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Ian McEwan On His Writing Process

I love hearing about the writing process of successful novelists. It makes me realize that these people are just like me–they’ve figured out there is no set formula on writing and they do what works for them.

With that in mind, I thought this excerpt from an interview with Atonement author Ian McEwan is worth your time. Some of my takeaways are below the video:

  • McEwan has a lot of big stuff. A giant office, giant library with tons of books, giant computer screen. Must be nice to write with all that big stuff around him.
  • McEwan typically writes 500-800 words between 9:30 and lunch time. We’ll call that three hours. That makes me feel better, as I’ve always pictured novelists cranking out thousands and thousands of words a day. McEwan seems to be a little more deliberative, like me.
  • He reads after lunch every day. And as he points out, reading isn’t “doing nothing.” Reading is an activity. It requires thought and effort. It makes you smarter. Make time to read.
  • Food and wine after 7:30 p.m. I’m not sure what this has to do with the writing process, but, hey, I like it. I think the point is that you have to get away from writing at some point during your day. You need a mental break. Dinner and a little wine is perfect for that.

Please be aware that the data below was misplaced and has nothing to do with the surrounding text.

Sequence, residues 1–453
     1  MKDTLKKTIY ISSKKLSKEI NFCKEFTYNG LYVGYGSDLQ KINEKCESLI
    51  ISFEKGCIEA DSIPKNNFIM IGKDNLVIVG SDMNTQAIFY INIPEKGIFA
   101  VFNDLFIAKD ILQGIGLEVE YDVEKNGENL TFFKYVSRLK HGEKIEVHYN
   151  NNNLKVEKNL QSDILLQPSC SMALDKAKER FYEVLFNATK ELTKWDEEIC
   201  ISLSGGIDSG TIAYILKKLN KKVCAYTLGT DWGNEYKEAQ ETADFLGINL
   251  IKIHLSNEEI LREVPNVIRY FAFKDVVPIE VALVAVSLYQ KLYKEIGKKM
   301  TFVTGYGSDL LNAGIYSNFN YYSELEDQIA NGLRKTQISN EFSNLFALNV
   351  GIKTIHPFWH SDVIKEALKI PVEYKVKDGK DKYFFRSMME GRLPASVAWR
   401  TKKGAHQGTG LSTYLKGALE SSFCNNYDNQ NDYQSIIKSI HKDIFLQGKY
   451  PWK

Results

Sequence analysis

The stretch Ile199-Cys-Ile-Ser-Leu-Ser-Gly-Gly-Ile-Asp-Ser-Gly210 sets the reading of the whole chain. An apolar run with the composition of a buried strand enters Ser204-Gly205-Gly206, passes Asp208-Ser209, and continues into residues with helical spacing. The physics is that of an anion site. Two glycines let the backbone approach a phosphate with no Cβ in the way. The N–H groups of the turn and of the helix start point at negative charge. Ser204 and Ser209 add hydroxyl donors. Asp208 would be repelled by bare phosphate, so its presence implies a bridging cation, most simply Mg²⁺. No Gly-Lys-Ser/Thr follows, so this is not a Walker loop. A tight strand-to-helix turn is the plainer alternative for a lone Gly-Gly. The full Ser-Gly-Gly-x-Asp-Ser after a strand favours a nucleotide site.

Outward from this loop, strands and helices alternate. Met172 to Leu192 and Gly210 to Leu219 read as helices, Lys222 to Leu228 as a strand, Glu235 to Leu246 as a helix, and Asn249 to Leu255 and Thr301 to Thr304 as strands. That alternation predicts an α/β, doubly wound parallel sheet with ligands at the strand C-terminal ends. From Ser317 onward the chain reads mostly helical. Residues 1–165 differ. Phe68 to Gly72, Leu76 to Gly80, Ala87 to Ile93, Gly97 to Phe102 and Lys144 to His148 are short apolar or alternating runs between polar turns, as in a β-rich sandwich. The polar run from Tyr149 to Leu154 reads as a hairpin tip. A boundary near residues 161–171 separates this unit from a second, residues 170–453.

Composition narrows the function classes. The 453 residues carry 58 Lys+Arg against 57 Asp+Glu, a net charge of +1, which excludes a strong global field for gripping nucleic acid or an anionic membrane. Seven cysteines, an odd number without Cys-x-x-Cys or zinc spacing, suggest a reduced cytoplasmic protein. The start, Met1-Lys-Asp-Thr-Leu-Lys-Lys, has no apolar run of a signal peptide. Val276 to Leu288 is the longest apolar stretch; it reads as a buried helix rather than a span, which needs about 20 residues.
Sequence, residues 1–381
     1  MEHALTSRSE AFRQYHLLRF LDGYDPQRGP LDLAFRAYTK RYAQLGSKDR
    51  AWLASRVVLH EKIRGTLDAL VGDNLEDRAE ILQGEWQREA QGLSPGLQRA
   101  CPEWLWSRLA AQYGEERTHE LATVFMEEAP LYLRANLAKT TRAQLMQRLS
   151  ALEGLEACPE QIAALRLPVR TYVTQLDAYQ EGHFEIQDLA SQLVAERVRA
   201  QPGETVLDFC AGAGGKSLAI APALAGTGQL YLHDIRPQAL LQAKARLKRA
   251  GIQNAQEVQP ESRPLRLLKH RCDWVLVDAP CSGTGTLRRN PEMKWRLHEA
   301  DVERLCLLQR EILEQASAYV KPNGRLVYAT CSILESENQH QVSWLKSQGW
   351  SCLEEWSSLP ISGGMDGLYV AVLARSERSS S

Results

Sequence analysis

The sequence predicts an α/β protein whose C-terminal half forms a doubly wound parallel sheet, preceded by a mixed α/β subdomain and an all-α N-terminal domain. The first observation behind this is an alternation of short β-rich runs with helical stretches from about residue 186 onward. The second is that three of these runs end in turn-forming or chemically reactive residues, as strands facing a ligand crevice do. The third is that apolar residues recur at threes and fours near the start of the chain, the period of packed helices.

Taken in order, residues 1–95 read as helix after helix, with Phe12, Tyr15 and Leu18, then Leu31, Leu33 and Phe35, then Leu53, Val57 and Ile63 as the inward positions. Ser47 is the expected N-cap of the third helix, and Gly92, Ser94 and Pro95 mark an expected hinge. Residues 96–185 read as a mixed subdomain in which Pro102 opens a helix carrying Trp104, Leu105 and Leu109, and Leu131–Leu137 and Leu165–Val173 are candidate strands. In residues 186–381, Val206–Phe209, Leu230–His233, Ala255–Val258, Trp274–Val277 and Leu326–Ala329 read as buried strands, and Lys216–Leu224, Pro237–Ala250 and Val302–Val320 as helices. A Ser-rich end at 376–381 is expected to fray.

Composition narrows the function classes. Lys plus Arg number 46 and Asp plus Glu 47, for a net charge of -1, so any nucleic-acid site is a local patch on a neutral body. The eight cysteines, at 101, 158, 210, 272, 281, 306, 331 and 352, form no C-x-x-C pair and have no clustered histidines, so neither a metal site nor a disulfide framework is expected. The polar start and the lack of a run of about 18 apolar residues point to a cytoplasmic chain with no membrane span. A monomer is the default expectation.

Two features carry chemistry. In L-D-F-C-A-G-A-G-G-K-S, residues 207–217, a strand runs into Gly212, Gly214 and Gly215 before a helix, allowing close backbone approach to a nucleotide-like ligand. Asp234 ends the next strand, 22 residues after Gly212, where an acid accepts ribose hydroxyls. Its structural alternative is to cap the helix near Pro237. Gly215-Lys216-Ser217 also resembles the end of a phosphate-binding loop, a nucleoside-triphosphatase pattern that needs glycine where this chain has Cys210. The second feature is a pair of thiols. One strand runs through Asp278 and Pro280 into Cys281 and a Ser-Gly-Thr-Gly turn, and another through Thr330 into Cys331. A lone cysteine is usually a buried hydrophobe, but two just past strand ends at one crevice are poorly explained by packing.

Anyway, I thought that’s some great insight into the world of an award-winning author.

What’s your writing process look like?

(Image: Wikimedia Commons)

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20 Comments Post a comment
  1. This sounds sane and doable. I am trying to write a children’s book at the moment, and the aim is for 1000 words a go (ie a chapter). I am struggling with this though and am writing perhaps two or three times a week at the most. I do like the wine and food suggestion – as you say, a break is good, gives us perspective (and sometimes with me, gives me inspiration, or at least reduces the fear of what’s going onto my screen!). Thanks for sharing.

    Like

    September 20, 2012
    • I like the idea that he spends a lot of time reading as well. He considers that part of the process.

      Liked by 1 person

      September 20, 2012
      • I’ve been reading a critical theory book for my MA in children’s lit and the author stresses the importance of being an active reader and seeing the process as a participative activity. I like that too!

        Liked by 1 person

        September 20, 2012
  2. I’m not a morning person at all, and if I don’t have an early class (thankfully I don’t for this semester!) or extra chores or errands to do, I need my mornings to be slow and easy. I catch up on my reading – both book and blog – linger over coffee, do a little puttering or school work. Afternoons are for errands and teaching.